|Turtle Mountain - After the tragedy|
Not far from Calgary, Alberta, and just east of the Crowsnest Pass, lies the small, bustling town of Frank, Alberta, nestled on the floor of a deeply-glaciated valley.
Looming menacingly nearby is Turtle Mountain.
Also nearby is a scene of a destruction of such magnitude that it has never been equalled!
In the early morning hours of April 29, 1903, Turtle Mountain collapsed, resulting in the greatest landslide in North American history.
In 100 seconds: at least 76 people were buried alive under tons of massive limestone boulders; three-quarters of the homes in Frank were crushed like balsa wood; over a mile of the Canadian Pacific Railroad was completely destroyed; and a river became a lake.
Yet, few people have ever heard about it. - Neil Simpson
My parents were driving out to the coast. Travelling through Frank Slide was a necessity.
In the years after the tragedy, little of the rubble had been disturbed. The giant boulders and pieces of mountain lay where they had fallen, a silent testament to those trapped forever beneath.
The road had been cut through and the railway reconnected.
Little else had been disturbed.
Driving through, one's car dwarfed by the massive chunks of rock, one could easily imagine the horror and heartbreak of that fateful morning.
Unless one was four.
Which I was.
I should mention here that, when our family travelled, the scenery or anything else flying past us outside the car never interested me. Because when I was in a car I was either:
- Sick and oblivious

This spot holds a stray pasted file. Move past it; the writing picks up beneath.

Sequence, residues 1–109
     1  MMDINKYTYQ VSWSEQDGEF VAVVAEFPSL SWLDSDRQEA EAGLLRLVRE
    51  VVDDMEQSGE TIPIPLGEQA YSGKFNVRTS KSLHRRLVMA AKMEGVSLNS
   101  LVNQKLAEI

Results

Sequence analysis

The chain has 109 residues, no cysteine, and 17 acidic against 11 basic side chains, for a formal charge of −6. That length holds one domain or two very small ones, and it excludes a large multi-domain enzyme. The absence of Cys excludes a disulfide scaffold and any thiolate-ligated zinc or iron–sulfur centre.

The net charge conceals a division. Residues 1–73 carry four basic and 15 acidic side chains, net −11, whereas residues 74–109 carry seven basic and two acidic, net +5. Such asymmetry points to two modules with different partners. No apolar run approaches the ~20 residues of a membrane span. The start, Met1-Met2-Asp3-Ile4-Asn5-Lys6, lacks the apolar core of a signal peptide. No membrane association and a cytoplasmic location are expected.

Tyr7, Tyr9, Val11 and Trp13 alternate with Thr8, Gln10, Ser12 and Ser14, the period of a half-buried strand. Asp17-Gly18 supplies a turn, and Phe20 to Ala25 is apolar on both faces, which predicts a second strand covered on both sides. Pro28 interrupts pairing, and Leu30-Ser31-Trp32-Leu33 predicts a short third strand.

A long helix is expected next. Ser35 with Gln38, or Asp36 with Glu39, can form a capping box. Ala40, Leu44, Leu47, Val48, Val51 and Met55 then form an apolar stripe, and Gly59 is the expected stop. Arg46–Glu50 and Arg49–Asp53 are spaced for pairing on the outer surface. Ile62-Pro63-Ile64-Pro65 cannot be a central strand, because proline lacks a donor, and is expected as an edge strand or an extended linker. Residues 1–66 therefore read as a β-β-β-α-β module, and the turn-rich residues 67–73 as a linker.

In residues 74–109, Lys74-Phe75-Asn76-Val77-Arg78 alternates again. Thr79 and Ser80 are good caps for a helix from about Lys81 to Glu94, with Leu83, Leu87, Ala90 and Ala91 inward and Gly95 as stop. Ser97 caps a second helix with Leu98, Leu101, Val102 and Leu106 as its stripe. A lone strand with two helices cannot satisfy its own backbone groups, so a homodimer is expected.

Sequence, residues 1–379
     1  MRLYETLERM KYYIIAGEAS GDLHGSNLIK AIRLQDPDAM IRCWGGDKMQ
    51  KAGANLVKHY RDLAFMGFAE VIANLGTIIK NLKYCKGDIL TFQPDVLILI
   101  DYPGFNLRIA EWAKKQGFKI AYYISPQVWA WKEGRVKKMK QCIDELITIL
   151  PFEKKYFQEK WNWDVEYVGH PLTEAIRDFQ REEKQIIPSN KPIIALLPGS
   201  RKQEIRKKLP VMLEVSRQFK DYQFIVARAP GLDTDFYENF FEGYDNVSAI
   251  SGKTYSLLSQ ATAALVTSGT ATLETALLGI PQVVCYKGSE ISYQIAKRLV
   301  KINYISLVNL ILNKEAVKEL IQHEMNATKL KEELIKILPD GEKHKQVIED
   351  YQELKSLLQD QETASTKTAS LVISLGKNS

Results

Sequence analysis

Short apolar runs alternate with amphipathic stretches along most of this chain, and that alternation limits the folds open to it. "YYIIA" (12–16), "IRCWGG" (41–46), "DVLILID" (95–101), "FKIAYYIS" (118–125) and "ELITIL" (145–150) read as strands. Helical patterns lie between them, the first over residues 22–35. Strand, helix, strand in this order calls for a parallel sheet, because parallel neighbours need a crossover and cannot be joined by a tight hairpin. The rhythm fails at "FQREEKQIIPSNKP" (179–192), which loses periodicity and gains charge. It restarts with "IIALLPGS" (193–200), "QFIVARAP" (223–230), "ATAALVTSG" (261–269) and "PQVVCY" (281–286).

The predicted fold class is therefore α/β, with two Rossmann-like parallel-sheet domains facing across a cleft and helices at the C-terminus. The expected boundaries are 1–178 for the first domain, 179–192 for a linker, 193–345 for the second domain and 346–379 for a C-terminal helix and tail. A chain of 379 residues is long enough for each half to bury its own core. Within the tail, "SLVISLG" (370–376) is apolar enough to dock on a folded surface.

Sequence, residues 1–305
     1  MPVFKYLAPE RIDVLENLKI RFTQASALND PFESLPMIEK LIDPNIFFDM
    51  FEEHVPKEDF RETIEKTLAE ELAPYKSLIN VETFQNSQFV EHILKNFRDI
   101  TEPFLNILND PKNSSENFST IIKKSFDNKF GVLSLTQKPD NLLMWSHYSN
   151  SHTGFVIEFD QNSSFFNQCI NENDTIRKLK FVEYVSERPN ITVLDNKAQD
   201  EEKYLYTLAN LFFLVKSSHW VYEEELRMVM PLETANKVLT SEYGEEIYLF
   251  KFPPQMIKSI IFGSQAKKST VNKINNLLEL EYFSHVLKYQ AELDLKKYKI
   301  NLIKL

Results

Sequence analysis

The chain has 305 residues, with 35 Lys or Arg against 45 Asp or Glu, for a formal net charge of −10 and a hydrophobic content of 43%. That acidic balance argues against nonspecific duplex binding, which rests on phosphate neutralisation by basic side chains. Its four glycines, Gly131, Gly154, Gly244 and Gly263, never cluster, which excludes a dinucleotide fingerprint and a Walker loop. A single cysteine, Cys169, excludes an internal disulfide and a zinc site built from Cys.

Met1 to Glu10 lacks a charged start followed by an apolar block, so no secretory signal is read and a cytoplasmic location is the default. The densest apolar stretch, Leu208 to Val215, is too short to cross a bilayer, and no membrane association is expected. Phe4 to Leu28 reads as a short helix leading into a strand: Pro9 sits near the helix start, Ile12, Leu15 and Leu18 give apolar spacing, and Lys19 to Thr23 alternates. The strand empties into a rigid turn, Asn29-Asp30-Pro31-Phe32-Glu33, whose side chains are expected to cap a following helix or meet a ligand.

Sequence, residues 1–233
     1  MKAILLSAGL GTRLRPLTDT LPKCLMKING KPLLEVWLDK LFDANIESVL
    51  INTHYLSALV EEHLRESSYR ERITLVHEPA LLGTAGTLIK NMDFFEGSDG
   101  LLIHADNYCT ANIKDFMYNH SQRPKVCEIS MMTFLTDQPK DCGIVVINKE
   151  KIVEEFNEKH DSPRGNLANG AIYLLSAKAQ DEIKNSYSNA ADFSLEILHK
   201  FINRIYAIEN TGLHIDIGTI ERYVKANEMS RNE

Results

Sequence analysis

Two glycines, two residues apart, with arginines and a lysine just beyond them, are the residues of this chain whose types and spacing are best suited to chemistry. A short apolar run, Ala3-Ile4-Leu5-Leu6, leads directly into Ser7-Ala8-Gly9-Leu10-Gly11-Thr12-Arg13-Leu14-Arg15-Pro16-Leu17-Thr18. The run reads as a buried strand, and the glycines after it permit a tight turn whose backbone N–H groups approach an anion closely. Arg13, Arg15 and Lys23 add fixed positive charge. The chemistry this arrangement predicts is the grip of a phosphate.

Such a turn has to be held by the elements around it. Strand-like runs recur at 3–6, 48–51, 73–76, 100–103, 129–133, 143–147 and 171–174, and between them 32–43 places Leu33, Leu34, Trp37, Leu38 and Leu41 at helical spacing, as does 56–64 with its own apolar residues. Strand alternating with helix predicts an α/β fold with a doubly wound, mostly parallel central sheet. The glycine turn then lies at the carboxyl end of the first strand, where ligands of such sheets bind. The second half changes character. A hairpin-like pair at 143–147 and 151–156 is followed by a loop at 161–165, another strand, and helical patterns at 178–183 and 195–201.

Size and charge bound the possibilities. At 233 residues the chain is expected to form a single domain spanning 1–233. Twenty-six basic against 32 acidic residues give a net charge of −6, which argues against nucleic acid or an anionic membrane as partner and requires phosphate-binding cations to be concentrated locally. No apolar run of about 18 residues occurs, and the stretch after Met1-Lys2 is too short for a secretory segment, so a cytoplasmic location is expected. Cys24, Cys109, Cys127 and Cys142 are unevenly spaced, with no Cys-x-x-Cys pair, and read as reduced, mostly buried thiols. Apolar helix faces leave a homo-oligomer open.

The only thing that could rouse me were the words, “Look! Horses!”
I would leap up instantly, despite being heretofore (real word) comatose and press my nose against the nearest window. “Where!? Where!?”
One or the other of my parents would point out the eagerly anticipated animals.
I would stare at them for as long as time permitted, then collapse back onto the seat with a sigh and return to whatever I had been doing.
I was fairly easily entertained.
But I digress . . .
The road had been long. We had already been travelling for an hour.
I was drowsing on the back seat.
Suddenly, Dad spoke up, “Here we are kids! Frank Slide!”
At almost the same time, my Mom said, “Look at all the rock!”
The tone of voice was the same as what my parents used whenever they pointed out something interesting.
But because the word 'horse' had not actually been used, I was slow to respond.
I must admit that I never even heard my Mom's comment.
I sat up and pressed my face against the window.
I don't know what I was expecting. Dad had said something about a 'slide'.
To me that meant something 'playground-y'.
All I could see were huge rocks.
What kind of playground was this?
Finally, I turned to my parents and said, “Can't see it!”
They burst out laughing.
What was that all about?
Mom pointed out the window. “Can't you see all the rock?”
I glanced outside. “Yeah.”
“Well that's it!”
I looked again. “But I can't see it!”
I don't think they ever figured out that I was talking about the 'slide'.
The real slide. The one Dad had seen.
All they wanted was to look at the stupid rocks.
Parents are so weird.